DW, an Army vet, has published 7 novels. His day job is teaching elementary school. In his spare time, he camps with his wife of 30+ years.
Mort Identifies the Man Who Shot Him
Many months and painful physical therapy sessions later Mort reported for duty with the narcotics squad. The visits with the psychologist had been even more painful than physical therapy. After the funeral for Lori and Shannon, Mort could focus on only one thing, bringing the people who’d shot him and murdered his wife and child to justice, his justice.
Arrests were made, but mistakes were also made. Instead of going to trial, the suspects were released. Mort had been furious, but he’d buried his anger, letting it burn inside him, and he’d bided his time.
Collecting the information he needed had been a cinch for Mort. Not letting on what he planned to do once he had all the information had been a tad more difficult. Once he knew what he needed to know, Mort put his plan into action.
Using his contacts in the special operations community, Mort took a vacation and left the country to visit an old SAS friend in Northern Ireland. The first time Mort returned to Boston no record of his having left Ireland nor entered the United States was made. He saw no one he knew. But he knew where to find the man he was looking for.
Mort followed Pietre’s movements until he established the man’s pattern. The night finally came to act, and Mort was ready. Pietre left the restaurant he typically frequented on Thursday evenings alone, as usual. Mort knew Pietre’s next stop would be a strip club two blocks down from the restaurant. Pietre owned a stake in the club and visited every night after dinner.
Mort Meets His Family's Killer
Using a pellet gun, Mort had, over the previous couple of nights, knocked out certain street lights along the route between the restaurant and the club. At the end of an alley between an abandoned storefront and a closed pharmacy, Mort waited. As Pietre walked past, oblivious of the danger he was in, Mort pounced. Before Pietre could react, Mort had dragged him far down the dark alley and slipped zip ties onto Pietre wrists. An old, oily rag had been shoved into Pietre’s mouth to keep him from calling out. Mort dragged Pietre to the end of the alley, dropped him to the ground, and stomped on his shin hard enough to break it.
“That ought to keep you from running off until we finish our business.”
While Pietre stayed curled into a ball from the pain of his broken shin bone, Mort secured a drive-on rag around the thug’s head to secure the gag in place. In the faint light coming from a street light on the other side of the wall at the end of the alley, Mort assessed his target and then took off his mask.
Pietre’s eyes flew open wide when he realized who’d grabbed him. He tried to stand, tried to shout, but Mort kicked his broken leg and Pietre went down with a whimper.
“Judging by your reaction, I guess you recognize me. No need to ask if you know why I wanted to talk to you, is there?”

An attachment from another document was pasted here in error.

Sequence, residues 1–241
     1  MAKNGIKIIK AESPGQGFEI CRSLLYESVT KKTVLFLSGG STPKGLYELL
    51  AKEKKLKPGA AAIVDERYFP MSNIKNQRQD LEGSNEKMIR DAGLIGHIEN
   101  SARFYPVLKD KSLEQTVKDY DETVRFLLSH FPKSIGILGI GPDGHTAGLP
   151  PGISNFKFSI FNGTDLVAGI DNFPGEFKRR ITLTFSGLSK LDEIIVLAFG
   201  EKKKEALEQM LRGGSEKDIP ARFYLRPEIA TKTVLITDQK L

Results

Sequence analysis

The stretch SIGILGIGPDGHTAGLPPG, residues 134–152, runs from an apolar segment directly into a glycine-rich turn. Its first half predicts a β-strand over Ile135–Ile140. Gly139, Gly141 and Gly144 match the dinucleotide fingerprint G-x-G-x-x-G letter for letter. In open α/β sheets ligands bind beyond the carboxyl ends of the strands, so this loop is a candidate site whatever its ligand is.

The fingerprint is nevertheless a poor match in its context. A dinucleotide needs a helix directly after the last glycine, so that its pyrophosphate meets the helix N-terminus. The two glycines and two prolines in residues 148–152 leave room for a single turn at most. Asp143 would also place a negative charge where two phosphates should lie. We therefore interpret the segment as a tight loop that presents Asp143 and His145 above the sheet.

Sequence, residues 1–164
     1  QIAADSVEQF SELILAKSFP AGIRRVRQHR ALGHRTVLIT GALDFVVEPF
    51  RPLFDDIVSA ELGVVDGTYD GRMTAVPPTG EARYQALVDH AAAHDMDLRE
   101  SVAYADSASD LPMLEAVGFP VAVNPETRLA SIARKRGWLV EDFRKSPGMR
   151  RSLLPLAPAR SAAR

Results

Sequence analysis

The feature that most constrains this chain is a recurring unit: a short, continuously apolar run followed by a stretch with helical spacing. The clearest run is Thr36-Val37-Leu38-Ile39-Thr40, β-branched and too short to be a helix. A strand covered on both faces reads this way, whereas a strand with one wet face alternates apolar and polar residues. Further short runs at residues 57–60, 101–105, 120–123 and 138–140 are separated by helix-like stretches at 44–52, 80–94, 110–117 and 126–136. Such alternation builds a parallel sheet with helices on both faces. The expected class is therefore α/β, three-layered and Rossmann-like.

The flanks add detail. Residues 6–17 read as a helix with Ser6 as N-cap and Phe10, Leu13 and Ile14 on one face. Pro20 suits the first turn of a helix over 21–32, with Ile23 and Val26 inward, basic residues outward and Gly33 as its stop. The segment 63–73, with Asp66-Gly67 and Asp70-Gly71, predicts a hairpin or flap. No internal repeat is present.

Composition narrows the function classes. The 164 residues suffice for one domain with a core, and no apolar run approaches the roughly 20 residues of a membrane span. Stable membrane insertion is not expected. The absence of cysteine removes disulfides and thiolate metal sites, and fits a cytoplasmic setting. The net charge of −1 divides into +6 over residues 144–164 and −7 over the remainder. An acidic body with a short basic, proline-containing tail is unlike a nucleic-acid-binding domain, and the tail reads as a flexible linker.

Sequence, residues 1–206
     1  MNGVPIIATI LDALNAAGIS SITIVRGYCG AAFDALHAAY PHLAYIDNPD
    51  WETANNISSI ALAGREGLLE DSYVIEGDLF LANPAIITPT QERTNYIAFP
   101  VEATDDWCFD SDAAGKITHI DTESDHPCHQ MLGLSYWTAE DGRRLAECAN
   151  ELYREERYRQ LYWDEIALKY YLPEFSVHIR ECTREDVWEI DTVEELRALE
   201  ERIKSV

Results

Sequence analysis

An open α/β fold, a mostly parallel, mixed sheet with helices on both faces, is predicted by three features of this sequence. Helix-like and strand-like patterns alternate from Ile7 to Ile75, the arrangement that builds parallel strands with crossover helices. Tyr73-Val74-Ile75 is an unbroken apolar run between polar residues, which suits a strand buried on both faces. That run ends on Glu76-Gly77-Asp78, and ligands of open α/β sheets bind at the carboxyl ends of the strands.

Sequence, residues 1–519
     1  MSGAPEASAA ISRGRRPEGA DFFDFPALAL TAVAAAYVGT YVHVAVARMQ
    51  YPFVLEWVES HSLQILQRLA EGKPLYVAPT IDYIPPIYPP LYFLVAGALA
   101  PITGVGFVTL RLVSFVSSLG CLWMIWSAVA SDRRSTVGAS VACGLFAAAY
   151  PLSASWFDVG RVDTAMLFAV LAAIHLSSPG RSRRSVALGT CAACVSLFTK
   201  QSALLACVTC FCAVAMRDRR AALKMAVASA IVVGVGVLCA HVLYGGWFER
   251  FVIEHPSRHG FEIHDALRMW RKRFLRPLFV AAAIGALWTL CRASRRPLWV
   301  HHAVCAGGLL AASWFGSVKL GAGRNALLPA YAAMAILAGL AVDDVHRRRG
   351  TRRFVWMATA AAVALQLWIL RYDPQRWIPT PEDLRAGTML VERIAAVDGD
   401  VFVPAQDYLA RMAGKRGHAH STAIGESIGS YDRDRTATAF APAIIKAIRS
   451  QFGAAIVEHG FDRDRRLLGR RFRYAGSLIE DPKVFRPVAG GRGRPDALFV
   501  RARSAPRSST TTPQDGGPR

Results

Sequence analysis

Mort Shows Pietre How He Will Die
Pietre shook his head.
“Good. There isn’t much I need to ask you either. I know you’re the guy who shot me. I know you’re the guy who torched my house and burned my family to death. And I know who hired you to do it. I’ll deal with him later. I wanted to take care of you first.”
Mort pulled out a Fairbairn fighting knife, a gift from his SAS friend when they were in Iraq together, and showed it to Pietre.
“Do you know what this is?”
Pietre nodded his head vigorously.
“I am very good with a knife like this. I’ve been taught by the best. And I’ve had more than my share of experience using one.”
Pietre stared at the knife and swallowed hard.
“Now, if I were the kind of sadistic bastard you are, I could drag this out all night. But I’m not that kind of person. I just wanted to make sure you knew it was me who ended your miserable life, and how.”
Mort grabbed Pietre’s hair and forced his head back. Then he plunged the knife through Pietre’s lower jaw, upper palate, and into Pietre’s brain. Mort moved the blade left, right, front, and back. By the time he pulled it out, Pietre was quite dead.
Deed Done, Mort Seeks Absolution
Carefully picking up Pietre’s corpse, Mort dumped it into the trash-lined bottom of the dumpster next to the abandoned storefront and carefully closed the lid. With luck, he’d be back in Ireland sharing a drink with his SAS friend before the body started to stink.
Mort’s friend met him on the beach when Mort came ashore from the fishing boat that had picked him up at sea after he’d left the military transport while it was still en route to Lakenheath. Neither his being aboard the plane nor his departure from it was logged anywhere. As far as the airmen on board knew, they’d just been doing a favor for the SAS, a favor never to be mentioned to anyone, anywhere.
“Mission accomplished?” Mort’s Irish friend, Owen, asked when Mort clambered from the dinghy used to row him ashore.
Before answering, Mort thanked the man at the oars as the dinghy headed back out to the fishing boat.
“Mission accomplished,” Mort replied after taking his friend's outstretched hand.
“Where would you like to go first?” Owen asked.
“I think I’d like to see a priest,” Mort replied. “I’ve got a few things to confess.”
“You want to see a Catholic priest, do you? You know you're in Northern Ireland, right?”
“I know,” Mort said. “But I’m sure you know where there’s at least one Catholic priest somewhere here in County Donegal.”
“I know just the place,” Owen assured his American friend. “The Franciscans will take good care of you, and we can probably get a meal while we’re at the Friary.”
His time among the Franciscans did Mort a world of good, body, and soul. He almost hated to leave when his vacation was over.
Mort Talley's story continues in Part 5, A Different Line of Work
- Soul Collectors Part 5, a Different Line of Work
Life as a cop loses its appeal to Mort, and he seeks a different line of work.